In recent days, the issue of meningitis on college campuses has caught the attention of media throughout Michigan and the nation, due to suspected or confirmed cases at U-M and other universities, and the issuing of guidelines by the Centers for Disease Controls Advisory Committee on Immunization Practices (CDC/ACIP) regarding vaccination of college students against the bacterial form of the disease.
I am pleased to report that the U-M student who was admitted to University Hospital on Oct. 18 with mild meningitis symptoms has been discharged, and final tests on her blood have shown no sign of meningococcal bacteria. Her doctors and I can now report with confidence that this was a case of viral meningitis, which, while serious, is not nearly as serious nor as contagious as meningococcal, or bacterial, meningitis. The viral form of the disease typically appears in the fall and causes symptoms of severe head pain and stiff neck. It cannot be vaccinated against nor treated with antibiotics.
The U-M administration and I recognize the serious nature of the meningitis issue, and the concerns that both forms of this disease may raise among students, parents and staff. We will be taking steps in the coming week to follow the CDC/ACIP recommendations to inform freshmen, dormitory residents and their parents regarding the availability of the vaccine against bacterial meningitis, and to tell them of its potential benefits.
First, we will continue to update the University Health Service meningitis Web page www.uhs.umich.edu/uhs/whatsup/meningitis.html with the latest information on both forms of the disease, the vaccine, and any cases seen on campus. A hotline, 764-8320, provides similar information.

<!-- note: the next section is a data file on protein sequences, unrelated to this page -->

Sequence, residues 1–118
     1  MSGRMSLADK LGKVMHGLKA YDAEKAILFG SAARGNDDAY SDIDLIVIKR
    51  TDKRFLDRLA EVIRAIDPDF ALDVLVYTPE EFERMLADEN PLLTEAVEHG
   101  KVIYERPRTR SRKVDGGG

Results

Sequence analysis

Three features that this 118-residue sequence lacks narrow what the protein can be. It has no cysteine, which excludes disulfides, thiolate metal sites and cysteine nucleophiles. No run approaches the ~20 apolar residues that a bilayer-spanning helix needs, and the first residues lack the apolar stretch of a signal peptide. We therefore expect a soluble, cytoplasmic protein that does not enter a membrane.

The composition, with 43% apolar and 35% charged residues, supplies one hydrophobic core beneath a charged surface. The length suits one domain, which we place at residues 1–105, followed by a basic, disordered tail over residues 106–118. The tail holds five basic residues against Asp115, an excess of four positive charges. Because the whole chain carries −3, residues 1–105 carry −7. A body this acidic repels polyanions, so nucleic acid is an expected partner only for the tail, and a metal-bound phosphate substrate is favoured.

Second, we are continuing our existing program of making meningococcal vaccine available to students who wish to receive it as supplies are available, at a cost of $89. We will be receiving 500 additional doses of the vaccine this week, and 500 more next week. We should recognize, however, that the vaccines manufacturer may reserve the right to send the vaccine on a priority basis to campuses that have experienced a bacterial meningitis case.
In addition to these steps, I am working with infectious disease specialists from the Medical School to formulate a proposed policy on meningitis that will be forwarded to the interim vice president for student affairs for presentation to the executive officers of the University.
This proposal will include our plans for compliance with the CDC/ACIP vaccination recommendations, as well as a description of how we as a university would respond to a single case or multiple cases of meningococcal meningitis.
In the wake of recent events, I would again remind students to be watchful for the typical symptoms of both types of meningitis, namely severe headache, neck stiffness, fever, aches, nausea and, in more serious cases, mental symptoms such as confusion or coma. If they or their peers experience these symptoms, they should report during business hours to University Health Service, or after hours to the University Hospital Emergency Room.